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Public art in San Francisco
Discovering and appreciating public art in San Francisco
Few American cities are as renowned for public art as San Francisco. Sculptures, murals, paintings, digital graphics, and mosaics – you name the medium and you likely can find it here. Because all of this artwork is free to enjoy, my wife and I try to take our daughters to see at least one or two pieces every time we visit. And considering we’re in San Francisco two or three times per month, we’ve managed to see a lot of art over the years.
Our absolute favorites of the bunch are about as public as it gets – a series of murals on the walls of stores, churches, and apartment buildings in the Mission District. One of our regular stops in the area: Balmy Alley, a narrow street lined with 30 colorful and larger-than-life murals on garages, fences, and buildings. Other murals in the neighborhood tell the stories of Mexican mythical figures, political movements, and bustling street scenes.
Elsewhere in the city, at the top of the hill in North Beach, we also love the murals inside Coit Tower, involving politically-charged images that were commissioned through the federal Public Works of Art Project. These murals are remarkable for their attention to detail; my younger daughter in particular (age 2) loves the lifelike faces, and has been known to plant kisses on some of them.
Viewfinder Tip: Take a walking art tour of San Francisco’s Mission District.
The girls are equally interested in some of the city’s public sculptures. My older daughter (age 4), who loves dancing, adores Keith Haring’s famous “Untitled” sculpture that sits out in front of Moscone Center on the corner of Howard and Third streets. This piece is famous for its simplicity: three silhouettes, one in each of the primary colors, dancing. It’s also famous because of what Haring has meant to the gay rights movement in San Francisco and around the world. We also love “Cupid’s Span,” a giant sculpture of a bow-and-arrow sticking into a sliver of grass east of the Ferry Building along the Embarcadero.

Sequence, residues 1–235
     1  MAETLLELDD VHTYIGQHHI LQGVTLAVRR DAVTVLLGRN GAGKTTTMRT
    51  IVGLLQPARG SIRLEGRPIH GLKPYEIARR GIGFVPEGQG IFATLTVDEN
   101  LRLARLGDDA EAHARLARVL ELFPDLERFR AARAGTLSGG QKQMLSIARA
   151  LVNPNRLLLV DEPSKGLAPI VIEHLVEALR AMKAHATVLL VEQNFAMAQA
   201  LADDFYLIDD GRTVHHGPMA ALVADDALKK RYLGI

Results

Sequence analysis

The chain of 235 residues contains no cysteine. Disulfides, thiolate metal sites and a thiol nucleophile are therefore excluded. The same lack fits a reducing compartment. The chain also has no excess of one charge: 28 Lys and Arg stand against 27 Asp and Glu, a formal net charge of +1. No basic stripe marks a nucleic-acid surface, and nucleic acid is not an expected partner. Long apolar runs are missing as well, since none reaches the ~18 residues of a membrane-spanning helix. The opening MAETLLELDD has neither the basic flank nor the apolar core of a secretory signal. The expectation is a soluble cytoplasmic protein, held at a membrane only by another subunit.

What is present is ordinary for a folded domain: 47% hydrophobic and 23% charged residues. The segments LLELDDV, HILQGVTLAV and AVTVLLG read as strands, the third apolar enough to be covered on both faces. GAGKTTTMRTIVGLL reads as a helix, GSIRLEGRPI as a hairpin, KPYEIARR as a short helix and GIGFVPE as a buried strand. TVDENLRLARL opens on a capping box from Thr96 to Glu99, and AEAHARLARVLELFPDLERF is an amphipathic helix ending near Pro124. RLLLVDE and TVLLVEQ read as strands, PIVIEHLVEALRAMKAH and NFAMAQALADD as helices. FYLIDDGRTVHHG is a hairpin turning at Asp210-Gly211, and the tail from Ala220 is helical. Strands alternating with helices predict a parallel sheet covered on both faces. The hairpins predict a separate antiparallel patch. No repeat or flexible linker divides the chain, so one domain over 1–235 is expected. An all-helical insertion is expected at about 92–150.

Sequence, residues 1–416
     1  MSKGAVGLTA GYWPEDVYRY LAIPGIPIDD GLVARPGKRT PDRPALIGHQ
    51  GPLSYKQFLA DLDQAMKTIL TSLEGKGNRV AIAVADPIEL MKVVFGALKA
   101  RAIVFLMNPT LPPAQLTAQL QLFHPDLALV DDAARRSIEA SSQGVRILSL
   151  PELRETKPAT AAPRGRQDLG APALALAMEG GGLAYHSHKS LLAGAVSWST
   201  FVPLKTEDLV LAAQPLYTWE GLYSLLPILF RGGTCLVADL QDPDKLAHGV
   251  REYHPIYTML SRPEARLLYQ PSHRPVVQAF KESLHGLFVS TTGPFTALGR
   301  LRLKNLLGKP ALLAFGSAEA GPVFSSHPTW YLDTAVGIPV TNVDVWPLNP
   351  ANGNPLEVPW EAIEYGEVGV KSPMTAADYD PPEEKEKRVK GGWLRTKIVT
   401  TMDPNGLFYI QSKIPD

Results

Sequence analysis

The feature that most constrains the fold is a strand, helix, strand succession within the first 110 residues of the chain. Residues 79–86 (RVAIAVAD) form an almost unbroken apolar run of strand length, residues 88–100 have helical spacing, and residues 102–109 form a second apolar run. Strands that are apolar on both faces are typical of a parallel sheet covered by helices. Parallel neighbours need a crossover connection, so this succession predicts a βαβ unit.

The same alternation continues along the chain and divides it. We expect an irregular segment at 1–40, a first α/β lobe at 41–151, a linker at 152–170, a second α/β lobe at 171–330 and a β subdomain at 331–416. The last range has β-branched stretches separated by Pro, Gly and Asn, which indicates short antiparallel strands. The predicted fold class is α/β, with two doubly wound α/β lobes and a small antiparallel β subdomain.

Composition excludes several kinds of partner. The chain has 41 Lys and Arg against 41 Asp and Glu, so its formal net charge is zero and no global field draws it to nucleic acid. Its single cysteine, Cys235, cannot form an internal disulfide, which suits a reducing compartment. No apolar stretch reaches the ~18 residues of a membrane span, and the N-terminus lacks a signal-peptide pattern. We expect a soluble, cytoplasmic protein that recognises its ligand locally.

In recent months, we even have fallen in love with some of the city’s newest works of public art. The Bay Lights, for instance, a 25,000-LED light installment that sparkles nightly on the San Francisco Bay Bridge, mixes the bravado of Broadway with the wonder of a glittering Christmas tree. Somehow, although the work comprises the world’s largest LED sculpture, artist Leo Villareal has managed to program the lights so their patterns never, ever repeat.
Another of our faves: the Fog Bridge, a 150-foot pedestrian bridge west of the Exploratorium between Piers 15 and 17. Every few minutes, hundreds of nozzles lining the bridge turn seawater from below into mist, creating a cloud of fog you can actually walk right through. The experience is unbelievable, exhilarating and disconcerting at the same time. Because the piece makes fog, it’s quintessentially San Francisco. Which is precisely what makes it so great.
What kind of public art do you seek out when you visit a new city?
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